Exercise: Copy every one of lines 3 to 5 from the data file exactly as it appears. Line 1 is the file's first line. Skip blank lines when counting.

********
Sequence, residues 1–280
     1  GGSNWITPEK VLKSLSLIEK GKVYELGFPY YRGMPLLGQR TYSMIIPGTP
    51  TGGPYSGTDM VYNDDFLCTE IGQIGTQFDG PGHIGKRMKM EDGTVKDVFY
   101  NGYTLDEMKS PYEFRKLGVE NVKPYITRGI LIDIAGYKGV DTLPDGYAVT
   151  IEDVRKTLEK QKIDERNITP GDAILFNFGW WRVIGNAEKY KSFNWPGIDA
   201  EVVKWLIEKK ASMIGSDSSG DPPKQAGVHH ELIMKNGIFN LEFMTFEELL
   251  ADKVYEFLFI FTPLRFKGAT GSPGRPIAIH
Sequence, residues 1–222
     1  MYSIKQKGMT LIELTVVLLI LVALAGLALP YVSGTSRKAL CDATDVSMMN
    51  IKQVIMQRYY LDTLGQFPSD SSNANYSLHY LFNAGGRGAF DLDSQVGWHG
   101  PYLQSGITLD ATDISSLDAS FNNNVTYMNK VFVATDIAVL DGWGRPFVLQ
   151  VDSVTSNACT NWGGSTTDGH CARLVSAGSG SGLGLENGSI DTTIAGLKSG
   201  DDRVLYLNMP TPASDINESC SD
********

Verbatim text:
    51  TGGPYSGTDM VYNDDFLCTE IGQIGTQFDG PGHIGKRMKM EDGTVKDVFY
   101  NGYTLDEMKS PYEFRKLGVE NVKPYITRGI LIDIAGYKGV DTLPDGYAVT
   151  IEDVRKTLEK QKIDERNITP GDAILFNFGW WRVIGNAEKY KSFNWPGIDA